Julian Omalla, who is widely known as “Mama Cheers” after the popular juice brand “Cheers” that her company Delight Uganda produces, is now planning to expand with the construction of a new factory in the north of the country.
“When I launched my company, Delight Uganda Limited, in 1996, I didn’t know much about running a business. I started it from scratch, and had to overcome many challenges.
I remember walking for many kilometres, on bad roads, and working in my garden from morning to night. One of the low points came when my business partner ran off with all of the money I had raised to buy stock. All I had left was a wheelbarrow, to take fruit to market, and one red dress!
I couldn’t get any banks to finance my business, because I didn’t have any collateral, so raising funds to expand was an uphill task. Like most women in Uganda, I had to rely on savings and invest my profits back into the company.
A born entrepreneur
Four years later I joined UNCTAD’s programme for entrepreneurs, which helped me develop and execute my business growth plan. The course improved my self-confidence, and learned new skills, such as goal setting, bookkeeping, marketing, setting targets and working efficiently to meet them. It made me realize that am a born entrepreneur.
Over the years, I stayed in contact with my trainers, and honing my entrepreneurial skills. I kept asking questions to help me improve my business, even on the weekends!
Thanks to my determination, and the skills I’d learned, I grew the company to the extent that, at one point, we had 60 per cent of the juice market in Uganda, with a processing line producing 12,000 litres of fruit-flavoured drinks per day. We also diversified into other business activities, such as poultry farming, maize-feed production, a flour mill and a bakery.
Sharing the success
We used to important juice concentrate, because it was hard to source high-quality, locally grown fresh fruit. But, in 2011, the company acquired 1,700 acres of land for cultivating fruit trees, such as mangoes, guavas and citruses and organised the Nwoya Fruit Growers Cooperative, which has 5,000 members, most of them (3,750) women.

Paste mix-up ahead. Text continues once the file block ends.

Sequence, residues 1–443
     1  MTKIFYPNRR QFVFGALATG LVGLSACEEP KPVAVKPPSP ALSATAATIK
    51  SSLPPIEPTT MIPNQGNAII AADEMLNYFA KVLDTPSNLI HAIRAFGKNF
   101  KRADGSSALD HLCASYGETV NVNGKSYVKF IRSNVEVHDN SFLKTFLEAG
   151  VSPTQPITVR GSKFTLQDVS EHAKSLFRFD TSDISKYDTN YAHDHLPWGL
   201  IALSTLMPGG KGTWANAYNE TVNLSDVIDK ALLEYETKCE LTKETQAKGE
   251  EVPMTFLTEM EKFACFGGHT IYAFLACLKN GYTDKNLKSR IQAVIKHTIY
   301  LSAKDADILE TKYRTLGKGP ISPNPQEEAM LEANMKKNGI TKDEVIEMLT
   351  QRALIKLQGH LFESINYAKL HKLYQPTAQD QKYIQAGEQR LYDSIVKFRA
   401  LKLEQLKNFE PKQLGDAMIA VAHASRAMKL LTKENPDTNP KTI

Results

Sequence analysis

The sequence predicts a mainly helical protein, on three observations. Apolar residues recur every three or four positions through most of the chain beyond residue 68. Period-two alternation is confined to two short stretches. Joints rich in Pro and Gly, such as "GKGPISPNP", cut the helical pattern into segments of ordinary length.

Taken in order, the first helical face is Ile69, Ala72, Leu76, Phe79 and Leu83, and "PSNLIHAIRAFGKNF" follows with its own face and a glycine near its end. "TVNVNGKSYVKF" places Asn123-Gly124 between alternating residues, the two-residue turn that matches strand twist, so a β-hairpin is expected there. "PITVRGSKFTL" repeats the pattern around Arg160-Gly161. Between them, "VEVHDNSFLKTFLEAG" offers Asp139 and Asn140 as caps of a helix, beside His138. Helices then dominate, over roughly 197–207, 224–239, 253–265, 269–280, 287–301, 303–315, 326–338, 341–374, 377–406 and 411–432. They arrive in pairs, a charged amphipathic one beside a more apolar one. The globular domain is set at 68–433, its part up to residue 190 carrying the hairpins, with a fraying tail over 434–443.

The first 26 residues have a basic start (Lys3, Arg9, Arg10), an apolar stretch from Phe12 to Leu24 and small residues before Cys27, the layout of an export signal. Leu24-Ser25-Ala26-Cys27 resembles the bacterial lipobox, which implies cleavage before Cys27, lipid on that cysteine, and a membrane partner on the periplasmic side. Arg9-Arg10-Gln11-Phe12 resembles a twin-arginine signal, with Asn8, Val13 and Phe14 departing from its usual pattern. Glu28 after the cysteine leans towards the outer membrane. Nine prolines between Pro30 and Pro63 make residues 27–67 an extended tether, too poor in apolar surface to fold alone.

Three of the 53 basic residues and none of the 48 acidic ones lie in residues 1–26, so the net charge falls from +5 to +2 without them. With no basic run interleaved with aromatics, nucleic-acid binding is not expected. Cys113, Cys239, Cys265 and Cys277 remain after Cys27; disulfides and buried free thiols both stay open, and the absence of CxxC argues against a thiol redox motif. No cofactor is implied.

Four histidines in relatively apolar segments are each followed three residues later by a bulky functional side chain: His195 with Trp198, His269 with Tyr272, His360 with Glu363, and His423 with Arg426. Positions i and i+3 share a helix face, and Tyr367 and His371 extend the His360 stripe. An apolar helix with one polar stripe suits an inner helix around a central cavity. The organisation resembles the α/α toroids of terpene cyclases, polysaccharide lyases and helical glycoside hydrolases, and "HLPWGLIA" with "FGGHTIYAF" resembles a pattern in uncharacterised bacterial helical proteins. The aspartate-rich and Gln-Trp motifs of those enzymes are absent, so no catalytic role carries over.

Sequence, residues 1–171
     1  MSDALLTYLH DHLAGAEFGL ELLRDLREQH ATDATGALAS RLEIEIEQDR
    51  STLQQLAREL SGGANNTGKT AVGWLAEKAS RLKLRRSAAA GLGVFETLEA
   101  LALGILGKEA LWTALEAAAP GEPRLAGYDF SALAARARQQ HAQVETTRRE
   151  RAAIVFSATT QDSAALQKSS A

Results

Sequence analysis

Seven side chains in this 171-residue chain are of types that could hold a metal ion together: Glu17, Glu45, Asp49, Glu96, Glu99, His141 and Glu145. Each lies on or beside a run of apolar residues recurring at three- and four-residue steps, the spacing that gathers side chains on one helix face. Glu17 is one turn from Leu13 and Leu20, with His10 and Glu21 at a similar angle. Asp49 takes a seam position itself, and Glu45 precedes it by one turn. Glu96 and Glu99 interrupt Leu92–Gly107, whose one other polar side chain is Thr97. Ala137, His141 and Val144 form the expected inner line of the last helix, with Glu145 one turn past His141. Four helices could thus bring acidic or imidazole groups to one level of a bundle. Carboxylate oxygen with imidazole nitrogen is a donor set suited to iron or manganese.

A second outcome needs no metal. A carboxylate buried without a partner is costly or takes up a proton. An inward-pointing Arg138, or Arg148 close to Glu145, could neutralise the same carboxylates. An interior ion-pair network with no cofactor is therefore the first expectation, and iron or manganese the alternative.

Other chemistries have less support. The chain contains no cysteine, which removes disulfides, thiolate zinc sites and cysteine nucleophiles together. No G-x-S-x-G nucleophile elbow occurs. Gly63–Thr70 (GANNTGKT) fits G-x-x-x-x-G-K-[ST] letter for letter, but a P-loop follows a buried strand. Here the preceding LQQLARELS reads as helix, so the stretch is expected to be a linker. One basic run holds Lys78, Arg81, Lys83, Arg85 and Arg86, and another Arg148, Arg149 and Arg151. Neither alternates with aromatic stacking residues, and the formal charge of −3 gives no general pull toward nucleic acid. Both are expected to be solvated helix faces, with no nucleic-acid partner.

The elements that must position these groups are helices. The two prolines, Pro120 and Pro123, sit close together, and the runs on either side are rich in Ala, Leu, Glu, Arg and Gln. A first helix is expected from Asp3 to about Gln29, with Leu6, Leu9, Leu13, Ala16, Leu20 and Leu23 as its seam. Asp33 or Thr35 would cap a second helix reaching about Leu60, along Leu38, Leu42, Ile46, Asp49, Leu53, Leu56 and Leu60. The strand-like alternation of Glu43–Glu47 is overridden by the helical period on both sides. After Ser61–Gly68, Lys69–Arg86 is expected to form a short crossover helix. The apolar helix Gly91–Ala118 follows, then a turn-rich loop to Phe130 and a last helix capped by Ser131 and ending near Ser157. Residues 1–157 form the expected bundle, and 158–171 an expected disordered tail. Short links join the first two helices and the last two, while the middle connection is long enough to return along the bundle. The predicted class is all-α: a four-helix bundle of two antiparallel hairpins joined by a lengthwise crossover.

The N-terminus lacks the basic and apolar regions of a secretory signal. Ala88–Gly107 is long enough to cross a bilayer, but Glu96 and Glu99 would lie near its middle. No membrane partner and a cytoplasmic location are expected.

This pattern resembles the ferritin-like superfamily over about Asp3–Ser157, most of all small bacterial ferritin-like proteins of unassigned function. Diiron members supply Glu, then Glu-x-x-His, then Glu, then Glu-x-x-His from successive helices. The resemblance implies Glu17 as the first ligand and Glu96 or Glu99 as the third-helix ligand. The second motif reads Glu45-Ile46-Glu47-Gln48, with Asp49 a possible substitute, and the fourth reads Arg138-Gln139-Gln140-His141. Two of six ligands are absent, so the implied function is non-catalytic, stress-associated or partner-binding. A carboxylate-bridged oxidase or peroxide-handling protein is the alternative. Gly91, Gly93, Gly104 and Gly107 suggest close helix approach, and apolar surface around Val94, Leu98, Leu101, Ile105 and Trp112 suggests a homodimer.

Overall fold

Each of these women has at least one acre of fruit orchard intercropped with short-term seasonal crops for income and sustainability. In a season, they can earn up to $1,850 from an acre of land. And, through the Delight Farm Institute, we create new and decent jobs, and offer improved livelihoods to many.
New factory, new horizons
This year, we received $10 million in funding from the Ugandan government, which will allow us to build a modern fresh juice factory, allowing us to add value to the fruits grown by the local farmers, and meet growing market demand for dried fruits, particularly mangoes.
Winning the UNCTAD award has motivated me so much! I plan to create a centre of excellence, where academics can share their knowledge, helping us to reach international standards, and export our products to all corners of the world.
I think the reason that we have succeeded is our engagement with the community. People in northern Uganda suffered so much during the civil war, and I believe that our success will help them to be empowered, and to survive.”